It sounds too easy, doesn’t it? But we really transformed a comprehensive school from being a place of negative attitudes to reading to one where each and every child was making measurable progress with reading, in just a few years. Here’s how you can also do it…
Step 1: Differentiated Reading Resources
Publishers produce an excellent range of material nowadays, and you’ll need everything from short, highly visual graphic novels and easy readers up to longer teenage classics. Make sure you also have lots of good non-fiction, like “Horrible Histories” and books on technology, films and sport. We had no main library in the school where we successfully carried out this project – but books in the classroom and in plastic boxes were enough to get started. You can do this on a budget!
Step 2: Structure
Get your whole English department on board and set up a regular routine for each group. Once a week ensures that it happens. Decide how long you will give to reading – I have personally found that expecting a longer time is more effective than a shorter time, because it allows children to get lost in their reading and really make progress. You can always start a bit short, if you’re unsure teachers and children will last, but always aim to stretch out, because one of the things becoming a reading school develops is concentration.
Step 3: Recording
For me this is the most important part! Not all teachers embraced this at first, but I discovered it was a truly powerful way to get every child reading…
Set up spreadsheets for each class to record their progress. Something like the following works well:
First columns – obviously student names
Current Book – what are they reading at the moment?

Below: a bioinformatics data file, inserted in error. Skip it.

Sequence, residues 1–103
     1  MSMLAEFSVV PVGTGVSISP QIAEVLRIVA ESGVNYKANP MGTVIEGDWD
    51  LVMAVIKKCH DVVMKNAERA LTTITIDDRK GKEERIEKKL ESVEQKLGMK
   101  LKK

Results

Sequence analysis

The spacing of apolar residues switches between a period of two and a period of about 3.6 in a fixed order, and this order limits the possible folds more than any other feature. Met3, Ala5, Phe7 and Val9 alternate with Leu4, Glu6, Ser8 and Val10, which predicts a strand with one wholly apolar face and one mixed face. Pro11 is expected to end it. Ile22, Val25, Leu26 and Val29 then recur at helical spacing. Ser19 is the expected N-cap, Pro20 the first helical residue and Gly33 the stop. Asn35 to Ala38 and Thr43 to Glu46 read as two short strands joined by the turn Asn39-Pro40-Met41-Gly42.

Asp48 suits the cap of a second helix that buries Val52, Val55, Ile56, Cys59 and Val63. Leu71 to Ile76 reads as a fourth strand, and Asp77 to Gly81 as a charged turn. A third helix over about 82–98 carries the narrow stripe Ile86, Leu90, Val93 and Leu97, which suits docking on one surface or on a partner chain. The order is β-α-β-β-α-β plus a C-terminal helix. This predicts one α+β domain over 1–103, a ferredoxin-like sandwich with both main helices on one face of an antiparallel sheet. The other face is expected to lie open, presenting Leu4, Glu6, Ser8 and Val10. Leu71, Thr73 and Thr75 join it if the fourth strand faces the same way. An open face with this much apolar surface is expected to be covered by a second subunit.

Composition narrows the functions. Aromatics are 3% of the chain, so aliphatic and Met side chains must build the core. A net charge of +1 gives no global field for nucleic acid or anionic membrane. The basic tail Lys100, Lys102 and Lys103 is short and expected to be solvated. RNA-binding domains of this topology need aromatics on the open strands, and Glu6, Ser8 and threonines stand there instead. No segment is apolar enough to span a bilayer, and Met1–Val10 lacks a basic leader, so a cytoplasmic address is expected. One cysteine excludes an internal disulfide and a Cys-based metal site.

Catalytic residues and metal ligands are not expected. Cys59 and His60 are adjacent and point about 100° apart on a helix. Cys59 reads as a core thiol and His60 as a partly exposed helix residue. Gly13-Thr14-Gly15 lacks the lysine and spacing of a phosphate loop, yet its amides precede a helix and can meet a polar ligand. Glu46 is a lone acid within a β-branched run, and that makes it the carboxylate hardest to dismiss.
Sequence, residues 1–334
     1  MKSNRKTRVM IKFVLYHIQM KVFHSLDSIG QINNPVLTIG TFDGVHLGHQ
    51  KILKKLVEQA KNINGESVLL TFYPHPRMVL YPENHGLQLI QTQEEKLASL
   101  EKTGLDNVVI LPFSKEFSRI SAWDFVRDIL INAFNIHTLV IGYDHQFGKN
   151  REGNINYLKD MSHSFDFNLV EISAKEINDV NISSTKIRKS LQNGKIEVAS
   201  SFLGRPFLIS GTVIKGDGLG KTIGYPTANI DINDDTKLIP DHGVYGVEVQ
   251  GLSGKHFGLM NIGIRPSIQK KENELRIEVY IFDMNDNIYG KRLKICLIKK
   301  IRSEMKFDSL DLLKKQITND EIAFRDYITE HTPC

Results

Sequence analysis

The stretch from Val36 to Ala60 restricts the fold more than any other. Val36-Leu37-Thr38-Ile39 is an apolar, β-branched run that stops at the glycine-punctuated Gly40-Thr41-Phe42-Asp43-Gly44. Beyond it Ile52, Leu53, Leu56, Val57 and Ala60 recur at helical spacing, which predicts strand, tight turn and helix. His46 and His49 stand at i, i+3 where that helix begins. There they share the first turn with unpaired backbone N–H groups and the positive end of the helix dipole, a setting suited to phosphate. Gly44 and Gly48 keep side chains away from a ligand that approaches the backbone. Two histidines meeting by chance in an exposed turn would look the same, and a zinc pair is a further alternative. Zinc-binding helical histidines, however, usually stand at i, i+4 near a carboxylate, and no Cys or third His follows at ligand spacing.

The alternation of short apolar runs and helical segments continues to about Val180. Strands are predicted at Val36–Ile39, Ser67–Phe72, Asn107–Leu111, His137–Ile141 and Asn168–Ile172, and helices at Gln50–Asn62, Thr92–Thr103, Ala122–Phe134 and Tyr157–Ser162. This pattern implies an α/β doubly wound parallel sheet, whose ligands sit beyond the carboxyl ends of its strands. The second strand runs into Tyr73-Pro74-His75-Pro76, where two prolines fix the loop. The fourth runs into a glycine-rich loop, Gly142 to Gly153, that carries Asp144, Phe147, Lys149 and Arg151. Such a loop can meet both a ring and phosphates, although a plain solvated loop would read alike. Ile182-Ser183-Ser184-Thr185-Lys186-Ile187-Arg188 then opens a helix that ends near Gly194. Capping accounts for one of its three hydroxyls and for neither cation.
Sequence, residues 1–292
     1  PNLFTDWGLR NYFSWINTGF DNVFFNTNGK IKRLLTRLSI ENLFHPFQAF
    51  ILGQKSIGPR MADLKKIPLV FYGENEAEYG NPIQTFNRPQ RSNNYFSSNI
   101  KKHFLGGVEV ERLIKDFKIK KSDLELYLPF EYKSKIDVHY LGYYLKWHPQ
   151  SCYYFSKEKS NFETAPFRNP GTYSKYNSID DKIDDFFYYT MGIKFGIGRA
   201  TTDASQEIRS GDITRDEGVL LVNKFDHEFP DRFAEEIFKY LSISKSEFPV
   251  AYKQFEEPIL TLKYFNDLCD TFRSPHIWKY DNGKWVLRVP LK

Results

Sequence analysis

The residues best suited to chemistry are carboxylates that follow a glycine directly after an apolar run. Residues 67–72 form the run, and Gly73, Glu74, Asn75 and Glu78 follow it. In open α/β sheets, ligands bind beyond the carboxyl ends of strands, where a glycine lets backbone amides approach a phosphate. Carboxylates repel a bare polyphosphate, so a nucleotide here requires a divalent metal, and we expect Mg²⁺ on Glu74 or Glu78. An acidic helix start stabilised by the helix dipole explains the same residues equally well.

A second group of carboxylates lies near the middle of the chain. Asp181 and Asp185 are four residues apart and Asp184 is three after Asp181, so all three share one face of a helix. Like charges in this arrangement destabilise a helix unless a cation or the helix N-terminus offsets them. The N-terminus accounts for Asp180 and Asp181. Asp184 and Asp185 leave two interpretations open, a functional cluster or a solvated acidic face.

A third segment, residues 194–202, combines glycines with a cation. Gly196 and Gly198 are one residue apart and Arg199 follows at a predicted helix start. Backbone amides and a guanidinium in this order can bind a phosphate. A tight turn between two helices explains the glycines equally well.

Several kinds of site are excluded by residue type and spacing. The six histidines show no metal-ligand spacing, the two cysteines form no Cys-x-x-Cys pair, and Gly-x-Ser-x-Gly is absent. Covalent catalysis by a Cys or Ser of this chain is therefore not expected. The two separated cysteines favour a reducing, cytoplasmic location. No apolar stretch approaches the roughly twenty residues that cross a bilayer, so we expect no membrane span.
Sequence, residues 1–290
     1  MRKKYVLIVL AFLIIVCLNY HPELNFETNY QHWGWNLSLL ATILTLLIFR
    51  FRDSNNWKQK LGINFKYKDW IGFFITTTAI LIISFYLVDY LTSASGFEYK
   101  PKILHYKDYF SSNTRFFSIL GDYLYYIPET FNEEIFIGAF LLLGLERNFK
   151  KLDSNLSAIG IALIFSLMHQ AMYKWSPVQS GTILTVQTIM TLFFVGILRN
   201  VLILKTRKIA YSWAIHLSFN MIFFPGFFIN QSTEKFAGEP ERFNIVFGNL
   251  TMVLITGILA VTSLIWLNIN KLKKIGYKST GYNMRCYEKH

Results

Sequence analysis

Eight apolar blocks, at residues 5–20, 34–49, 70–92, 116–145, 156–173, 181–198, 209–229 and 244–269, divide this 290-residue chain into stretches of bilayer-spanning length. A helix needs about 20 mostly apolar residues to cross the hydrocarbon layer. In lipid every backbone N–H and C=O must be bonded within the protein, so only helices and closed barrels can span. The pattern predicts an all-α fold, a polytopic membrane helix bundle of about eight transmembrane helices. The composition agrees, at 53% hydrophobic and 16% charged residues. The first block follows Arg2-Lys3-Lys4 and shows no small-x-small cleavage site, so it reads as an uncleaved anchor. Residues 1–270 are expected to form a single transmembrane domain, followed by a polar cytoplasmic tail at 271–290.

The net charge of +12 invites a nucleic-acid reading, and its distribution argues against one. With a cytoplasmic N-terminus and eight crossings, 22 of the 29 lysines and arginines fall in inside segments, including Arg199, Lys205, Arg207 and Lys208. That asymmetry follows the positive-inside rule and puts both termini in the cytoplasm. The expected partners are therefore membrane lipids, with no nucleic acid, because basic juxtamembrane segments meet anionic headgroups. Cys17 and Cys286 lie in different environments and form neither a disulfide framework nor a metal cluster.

Dates – these are lesson dates, and you record which page they are on at the start of the lesson (you can just call round the class as you register them). Notice the highlighted cell showing 105 for Amy Andrews. This is highlighted to show she has read A LOT! More on rewarding this in a moment…
Books Finished – this records progress this term. We can see Amy has read two books already: “Rebel” and “Angels and Kisses”. But Alan is not making such good progress!
Step 4: Rewards and Expectations.
This is another really important part of creating a positive, successful climate for reading. Amy clearly deserves a reward for reading 95 pages since last week! Set a target depending on your group’s abilities and your school’s reward system. It could be one point if they manage to read 10 pages per week, or 20 pages; and also for when they finish a book.
I set the expectation that each child would finish reading one book each half-term. That is a high expectation, and some will struggle to finish one each term. But with short books, graphic books etc. it becomes possible. And, of course, some children will not only meet but exceed your expectations.
Step 5: Prods and Sanctions
Not every child will be self-motivated to read. So I always advise teachers to go to reading lessons armed with a handful of short, colourful, dramatic and exciting looking books that you know have gone down well with similar pupils.
You will need to have a sanction system if behaviour is not always conducive to quiet reading.
But, most important of all, prod the children you notice are not making progress after a few weeks. I have been quite surprised how responsive children are. I used to display the spreadsheet, and children would like to see their pages highlighted (I used green) if they read enough pages for a “point”. I could also have conversations like “You know you haven’t finished a whole book all term”. And what a great feeling (for them as well as for you!) when finally they do!
About the author
Michael is a Vice Principal in the West Midlands, having served in four previous schools as teacher of English, three previous schools as Head of English, and one as an Assistant Head. He has a particular passion for promoting reading and literacy, SMSC, and a fascination with learning and leadership. He runs four blogs: on education, leadership, and poetry.